At night I would cry after my mother put me to bed. In the dark, the room felt larger, the closet deeper, the under-the-bed scarier. I would strain to hear my parents’ voices down the hall. Sometimes they would laugh—loud belly laughs that echoed off walls. My cheeks would burn red. I’d purse my lips together to keep from screaming: Not fair. Not fair. Not fair. Down the hall there was twirling and shuffling of feet. Glasses were being kissed, throats coated with amber liquid. Bruce Springsteen’s voice graveled its way through speakers. They were laughing and I was in bed. What’s so funny? In the dark I never felt like laughing.
At six, I had to repeat kindergarten after transferring to a new school. What we learned in the classroom was familiar to me, but outside, on the wide expanse of the playground, I felt a world away from sticky red mats and the white-haired boy who smelled of graham crackers. Here there was a different boy, a boy who pulled his green eyes into thin lines and laughed in my direction.
“Me Chinese,” he shouted. Giggles popped out of his mouth, multiplied and spread, catching between sticky fingers of the other children who had gathered behind him.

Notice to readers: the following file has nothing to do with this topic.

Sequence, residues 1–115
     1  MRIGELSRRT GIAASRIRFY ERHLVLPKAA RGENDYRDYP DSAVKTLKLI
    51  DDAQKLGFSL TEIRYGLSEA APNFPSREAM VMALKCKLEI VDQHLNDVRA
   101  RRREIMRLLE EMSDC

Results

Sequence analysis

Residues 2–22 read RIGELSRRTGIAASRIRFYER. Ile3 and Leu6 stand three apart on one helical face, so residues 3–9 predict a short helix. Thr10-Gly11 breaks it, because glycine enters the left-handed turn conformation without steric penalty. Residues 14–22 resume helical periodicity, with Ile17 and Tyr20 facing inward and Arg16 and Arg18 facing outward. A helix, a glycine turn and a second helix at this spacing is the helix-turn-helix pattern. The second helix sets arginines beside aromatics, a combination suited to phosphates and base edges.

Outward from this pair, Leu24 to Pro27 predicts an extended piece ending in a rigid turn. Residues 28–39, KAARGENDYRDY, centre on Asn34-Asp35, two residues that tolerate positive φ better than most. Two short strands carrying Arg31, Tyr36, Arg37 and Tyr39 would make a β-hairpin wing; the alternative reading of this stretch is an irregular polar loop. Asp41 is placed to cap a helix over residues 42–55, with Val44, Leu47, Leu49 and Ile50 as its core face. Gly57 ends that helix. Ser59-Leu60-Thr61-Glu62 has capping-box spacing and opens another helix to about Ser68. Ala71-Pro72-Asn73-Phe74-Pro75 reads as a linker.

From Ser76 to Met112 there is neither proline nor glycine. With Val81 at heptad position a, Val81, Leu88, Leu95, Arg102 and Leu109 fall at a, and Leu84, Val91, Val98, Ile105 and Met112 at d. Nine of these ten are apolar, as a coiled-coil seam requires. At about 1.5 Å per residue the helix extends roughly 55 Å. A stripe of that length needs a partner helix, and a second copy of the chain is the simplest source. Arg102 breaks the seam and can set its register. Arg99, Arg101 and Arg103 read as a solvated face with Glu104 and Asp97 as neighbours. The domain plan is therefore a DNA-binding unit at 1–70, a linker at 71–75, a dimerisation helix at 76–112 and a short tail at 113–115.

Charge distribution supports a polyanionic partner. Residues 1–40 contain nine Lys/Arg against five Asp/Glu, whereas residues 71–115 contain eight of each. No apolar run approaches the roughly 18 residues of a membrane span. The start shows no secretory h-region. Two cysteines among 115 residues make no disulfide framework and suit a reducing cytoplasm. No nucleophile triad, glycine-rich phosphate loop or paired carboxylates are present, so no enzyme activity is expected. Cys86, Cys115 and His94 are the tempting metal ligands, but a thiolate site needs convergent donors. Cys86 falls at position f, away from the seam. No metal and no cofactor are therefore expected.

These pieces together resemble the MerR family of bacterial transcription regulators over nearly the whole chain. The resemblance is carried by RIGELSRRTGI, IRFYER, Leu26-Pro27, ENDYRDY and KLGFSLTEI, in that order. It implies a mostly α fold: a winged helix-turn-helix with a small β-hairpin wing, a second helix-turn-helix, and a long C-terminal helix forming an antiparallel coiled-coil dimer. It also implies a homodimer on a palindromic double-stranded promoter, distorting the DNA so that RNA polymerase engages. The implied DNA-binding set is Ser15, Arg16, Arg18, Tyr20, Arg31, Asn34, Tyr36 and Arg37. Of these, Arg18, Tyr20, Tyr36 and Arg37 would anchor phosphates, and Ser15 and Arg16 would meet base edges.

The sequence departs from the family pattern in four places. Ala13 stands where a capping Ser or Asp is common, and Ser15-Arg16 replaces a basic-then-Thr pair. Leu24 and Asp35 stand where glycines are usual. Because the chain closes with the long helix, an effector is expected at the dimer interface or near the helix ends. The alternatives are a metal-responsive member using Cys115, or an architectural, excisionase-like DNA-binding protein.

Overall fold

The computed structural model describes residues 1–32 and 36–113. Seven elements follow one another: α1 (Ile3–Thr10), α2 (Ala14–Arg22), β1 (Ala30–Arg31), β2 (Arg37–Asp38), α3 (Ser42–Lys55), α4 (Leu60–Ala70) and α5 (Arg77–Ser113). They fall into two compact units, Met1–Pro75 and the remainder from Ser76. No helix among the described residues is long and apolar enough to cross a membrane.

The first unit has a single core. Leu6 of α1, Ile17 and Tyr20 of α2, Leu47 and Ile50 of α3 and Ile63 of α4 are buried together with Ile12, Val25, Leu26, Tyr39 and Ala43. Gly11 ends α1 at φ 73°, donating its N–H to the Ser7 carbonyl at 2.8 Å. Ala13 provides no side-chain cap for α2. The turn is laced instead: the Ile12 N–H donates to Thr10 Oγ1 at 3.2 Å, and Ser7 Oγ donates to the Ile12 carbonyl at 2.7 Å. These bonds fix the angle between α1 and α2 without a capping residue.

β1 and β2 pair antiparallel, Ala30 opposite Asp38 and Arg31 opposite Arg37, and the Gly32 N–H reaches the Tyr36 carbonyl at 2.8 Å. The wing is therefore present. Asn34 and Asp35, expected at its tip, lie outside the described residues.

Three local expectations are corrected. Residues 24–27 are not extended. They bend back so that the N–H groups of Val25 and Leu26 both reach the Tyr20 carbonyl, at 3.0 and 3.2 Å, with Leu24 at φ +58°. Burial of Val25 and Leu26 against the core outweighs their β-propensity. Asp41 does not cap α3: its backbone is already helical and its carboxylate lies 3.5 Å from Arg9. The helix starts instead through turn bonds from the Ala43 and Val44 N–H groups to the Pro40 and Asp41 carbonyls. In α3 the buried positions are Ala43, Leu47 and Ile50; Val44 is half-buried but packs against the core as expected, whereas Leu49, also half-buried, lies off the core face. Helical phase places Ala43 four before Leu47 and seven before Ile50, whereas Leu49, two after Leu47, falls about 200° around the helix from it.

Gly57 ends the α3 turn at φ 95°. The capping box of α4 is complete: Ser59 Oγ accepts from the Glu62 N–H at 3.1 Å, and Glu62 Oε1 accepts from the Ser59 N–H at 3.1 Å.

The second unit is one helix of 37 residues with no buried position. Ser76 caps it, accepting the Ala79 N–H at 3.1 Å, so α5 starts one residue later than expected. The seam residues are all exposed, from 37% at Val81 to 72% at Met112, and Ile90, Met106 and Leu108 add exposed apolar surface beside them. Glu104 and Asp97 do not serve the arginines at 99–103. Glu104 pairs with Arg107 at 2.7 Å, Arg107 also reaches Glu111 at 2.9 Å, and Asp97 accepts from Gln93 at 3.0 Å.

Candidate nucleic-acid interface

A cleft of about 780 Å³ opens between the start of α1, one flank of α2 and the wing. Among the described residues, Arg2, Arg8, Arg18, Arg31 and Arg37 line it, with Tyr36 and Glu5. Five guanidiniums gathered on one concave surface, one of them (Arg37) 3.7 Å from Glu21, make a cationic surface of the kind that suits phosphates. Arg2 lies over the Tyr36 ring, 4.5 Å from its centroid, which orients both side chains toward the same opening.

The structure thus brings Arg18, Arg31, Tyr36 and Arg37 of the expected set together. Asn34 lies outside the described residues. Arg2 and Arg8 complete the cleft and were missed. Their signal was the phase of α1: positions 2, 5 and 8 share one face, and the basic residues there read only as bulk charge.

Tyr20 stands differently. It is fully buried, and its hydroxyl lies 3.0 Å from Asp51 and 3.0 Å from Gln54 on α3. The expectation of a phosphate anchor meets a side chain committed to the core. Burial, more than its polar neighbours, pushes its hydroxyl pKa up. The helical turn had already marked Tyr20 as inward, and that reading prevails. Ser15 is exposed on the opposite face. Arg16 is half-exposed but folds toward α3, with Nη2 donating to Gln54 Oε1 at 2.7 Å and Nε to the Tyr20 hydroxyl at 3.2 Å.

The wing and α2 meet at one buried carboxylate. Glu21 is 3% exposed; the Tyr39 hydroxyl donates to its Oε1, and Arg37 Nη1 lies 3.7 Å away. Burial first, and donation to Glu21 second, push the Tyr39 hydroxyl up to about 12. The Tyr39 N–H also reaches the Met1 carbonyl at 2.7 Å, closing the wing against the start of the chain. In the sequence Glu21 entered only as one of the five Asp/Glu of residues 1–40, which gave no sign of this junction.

I stopped and stood under the monkey bars, pulled the corners of my eyes, laughed harder than I meant to.
“Me no dumb,” he continued.
The boy pulled his eyelids into slanted lines so tight I could no longer see the green between his lashes. He stomped around in the sandbox, dug his toe deep and kicked grit at my knees.
“Me Chinese,” the kids shouted. “Ching chong. Ching chong.”
A girl with pigtails pointed at my chest. I bit the insides of my cheeks, brushed the sand off of my red Keds. I stared at the ground, at a wad of bubblegum smeared on cement. My tongue tasted blood. I tried hard to swallow but couldn’t. I had pulled my eyes. I had sung the song: “Me Chinese. Me no dumb. Me went up my daddy’s bum.” I had thought it was a joke I could join in on because I was Korean. Inside me something began to grow.